Nearby, in the early 1870's, a crude experimental blast furnace was built by Samuel E. Jones for the Tennessee Coal and Railroad Company. Called "Fiery Gizzard", the furnace was to determine if coke burned from local coal was of suitable quality for making iron. The furnace produced only fifteen tons of iron before the stovepipe fell on the third day of operations. However, the moderate success at Fiery Gizzard contributed heavily to the development of the iron industry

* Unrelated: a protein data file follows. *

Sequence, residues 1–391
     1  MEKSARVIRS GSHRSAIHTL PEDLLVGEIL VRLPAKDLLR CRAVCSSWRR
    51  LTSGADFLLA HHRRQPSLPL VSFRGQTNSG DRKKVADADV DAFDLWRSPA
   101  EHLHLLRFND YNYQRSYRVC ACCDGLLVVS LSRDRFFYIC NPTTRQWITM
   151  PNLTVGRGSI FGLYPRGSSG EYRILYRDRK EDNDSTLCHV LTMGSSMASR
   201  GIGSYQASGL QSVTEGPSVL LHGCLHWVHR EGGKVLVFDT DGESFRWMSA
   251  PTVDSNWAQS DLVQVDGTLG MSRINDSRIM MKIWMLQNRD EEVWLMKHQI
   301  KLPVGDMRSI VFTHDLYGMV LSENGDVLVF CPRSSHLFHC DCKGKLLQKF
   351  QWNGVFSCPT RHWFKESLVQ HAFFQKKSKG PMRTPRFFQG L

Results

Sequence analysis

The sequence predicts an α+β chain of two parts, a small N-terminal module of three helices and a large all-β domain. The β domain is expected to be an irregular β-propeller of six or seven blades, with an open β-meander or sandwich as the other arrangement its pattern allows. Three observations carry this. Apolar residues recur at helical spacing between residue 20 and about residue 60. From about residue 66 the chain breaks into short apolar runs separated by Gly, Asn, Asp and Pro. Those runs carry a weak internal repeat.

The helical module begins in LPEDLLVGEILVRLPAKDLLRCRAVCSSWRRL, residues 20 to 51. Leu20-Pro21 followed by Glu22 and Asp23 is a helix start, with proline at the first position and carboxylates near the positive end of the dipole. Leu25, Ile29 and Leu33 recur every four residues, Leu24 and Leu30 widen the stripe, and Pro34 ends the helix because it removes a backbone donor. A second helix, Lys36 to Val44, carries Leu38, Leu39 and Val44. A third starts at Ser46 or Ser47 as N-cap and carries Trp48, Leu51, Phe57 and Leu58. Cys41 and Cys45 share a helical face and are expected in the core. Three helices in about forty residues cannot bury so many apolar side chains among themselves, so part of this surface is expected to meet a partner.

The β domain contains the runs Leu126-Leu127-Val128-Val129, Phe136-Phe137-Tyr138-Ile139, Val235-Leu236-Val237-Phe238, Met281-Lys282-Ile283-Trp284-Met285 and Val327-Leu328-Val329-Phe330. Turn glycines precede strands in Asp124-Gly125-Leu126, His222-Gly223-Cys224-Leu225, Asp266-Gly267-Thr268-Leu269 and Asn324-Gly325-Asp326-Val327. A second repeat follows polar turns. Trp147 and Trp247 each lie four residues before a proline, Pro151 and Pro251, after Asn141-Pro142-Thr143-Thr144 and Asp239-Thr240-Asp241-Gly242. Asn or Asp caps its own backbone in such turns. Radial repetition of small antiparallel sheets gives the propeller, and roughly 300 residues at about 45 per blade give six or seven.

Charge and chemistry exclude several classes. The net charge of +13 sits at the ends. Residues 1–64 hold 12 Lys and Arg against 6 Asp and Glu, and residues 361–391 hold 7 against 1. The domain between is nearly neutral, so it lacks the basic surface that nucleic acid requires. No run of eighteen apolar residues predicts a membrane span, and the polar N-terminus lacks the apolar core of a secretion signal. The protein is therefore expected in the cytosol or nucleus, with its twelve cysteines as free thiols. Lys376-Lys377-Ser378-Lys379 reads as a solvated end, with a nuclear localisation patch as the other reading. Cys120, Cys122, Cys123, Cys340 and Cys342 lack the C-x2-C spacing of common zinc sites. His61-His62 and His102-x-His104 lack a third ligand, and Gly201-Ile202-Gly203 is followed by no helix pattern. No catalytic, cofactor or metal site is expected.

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in Tennessee and the South, and to the development of the Tennessee Coal and Iron Company (now a division of United Sates Steel) into the South's largest steel producer. The parent organization of the Tennessee Coal and Railroad Company was the Sewanee Mining Company, whose president, Samuel Tracy, donated five thousand acres of land, one million board feet of lumber, twenty thousand tons of free transportation, and two thousand tons of coal to the founding of The University of the South at Sewanee.